THE HIGHER EDUCATION ACADEMY – SOCIAL POLICY AND SOCIAL WORK – 2009
Reviewer: Margaret Simms, Lecturer, Bishop Grosseteste University College
Review date: 25/03/2009
Okay, so Every Child Matters. We – the professionals – know that now.We also know Every Parent Matters, Every Student Matters and every matter matters. Professionals are, more and more, working together to build a strong team around every child to help each one achieve their best possible outcomes. But working together is not easy! No-one ever said it would be. But the editor and authors of Making Sense of Every Child Matters: Multi-professional practice guidance’ have enough sound advice to help professionals in early years and childcare, education, social care, adolescent mental health, nursing, maternity care and playwork improve practice across the board. Teaching staff and those who are new to teaching will undoubtedly find the allure of this title Making Sense of Every Child Matters: Multi-professional practice guidance, too strong to ignore.
Once off the shelf and opened this book will not disappoint. From the outset the book feels like a guide for professionals and students to make sense of Every Child Matters within their own professional field and context. Useful lists of tables and acronyms are presented prior to fascinating biographies and notes on evidencing the professional credibility of contributors.
The list of contents shows eleven chapters and some fourteen contributors, including the editor, Richard Barker. Richard himself authors two chapters: ‘Beginning to understand Every Child Matters’,’Every Child Matters: current possibilities, future opportunities and challenges’ and is co-author, alongside Sue Barker, of Chapter nine, ‘Social Work and Every Child Matters’.
The contents of the book are organised logically. Chapter one, ‘Beginning to understand Every Child Matters’ (Barker, R) is followed by ‘Interprofessional working and the children’s workforce (Graham and Machin). The subsequent eight chapters deal with Every Child Matters and how it relates to education (Broadhead and Martin), early years and childcare (Santer and Cookson), Sure Start children’s centres (Barker, S.), nursing (Campbell and Hunter), maternity care (Hutchinson), playwork (Godfrey), social work (Barker and Barker) and child adolescent mental health (Brownrigg). Richard Baker, rounds off this goldmine of information and insight with the final chapter on current possibilities, future opportunities and challenges of Every Child Matters.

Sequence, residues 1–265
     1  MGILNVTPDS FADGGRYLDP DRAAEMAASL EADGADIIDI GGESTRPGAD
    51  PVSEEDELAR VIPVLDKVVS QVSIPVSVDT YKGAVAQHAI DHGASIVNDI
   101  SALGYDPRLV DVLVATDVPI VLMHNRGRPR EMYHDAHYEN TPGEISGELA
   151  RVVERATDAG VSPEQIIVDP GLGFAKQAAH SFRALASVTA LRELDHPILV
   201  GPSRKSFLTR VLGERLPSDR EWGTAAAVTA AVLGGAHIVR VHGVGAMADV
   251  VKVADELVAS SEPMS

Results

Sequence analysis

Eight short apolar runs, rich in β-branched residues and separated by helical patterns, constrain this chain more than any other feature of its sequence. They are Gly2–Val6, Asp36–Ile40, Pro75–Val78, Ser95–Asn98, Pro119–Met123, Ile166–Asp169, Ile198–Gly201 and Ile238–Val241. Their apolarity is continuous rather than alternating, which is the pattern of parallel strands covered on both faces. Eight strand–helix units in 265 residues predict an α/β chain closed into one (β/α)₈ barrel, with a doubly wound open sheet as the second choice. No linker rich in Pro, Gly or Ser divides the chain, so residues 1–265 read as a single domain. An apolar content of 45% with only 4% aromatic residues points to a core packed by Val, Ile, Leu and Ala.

Making Sense of Every Child Matters: Multi-professional practice guidance is undoubtedly a book for teaching and learning. I will make good use of this book with students in their final year of the BA (Hons) Early Childhood Studies Degree. I recommend the book as essential reading for a contemporary issues module, Integrated Practices and Research Practice modules. Individual chapters I would recommend to current students for their research projects are: Chapter four, early years, childcare and Every Child Matters (Santer and Cookson ), Chapter five, Sure Start children’s centres and Every Child Matters (Barker, S), Chapter ten, child and adolescent mental health services and Every Child Matters (Brownrigg)
Chapters may be utilised on an individual basis as straight forward ‘handouts’ (in which case they may never get read!) Rather, I would select a chapter for its relevance to topics being discussed in a seminar and encourage students’ critical analysis of structure, content and theory in order to gain a deeper understanding of, for example, contemporary issues therein and of the academic writing style to which they aspire.
Prior knowledge of Every Child Matters is not necessarily a pre-requisite to reading this book. It is more likely that the book will be sought out in libraries and book stores as a consequence of such prior knowledge.
What I found particularly helpful about the book was the structure of each chapter. Clear indications were always given as to the issue/s issues covered in each. I also found the examples and diagrams gave a welcoming feel to this book aimed at an academic readership.
Unhelpful, although not particularly unhelpful is the smallish font. I tend to find a slightly larger font more enticing, but this is by no means a criticism of the book, rather it is personal preference.
The book is, on the whole, well referenced although references used in Chapter six, nursing and Every Child Matters seem quite old, possibly due to a shortage of up-to-date work in this area? Never-the-less, Campbell and Hunter do not cite the oldest reference in the book, this accolade goes to Santer and Cookson for their reference to Bowlby, 1951.
A book to browse, study and ‘pick at’, one which I would recommend highly to teachers and higher level students studying to work in roles where expertise in multi-professional practice are much needed.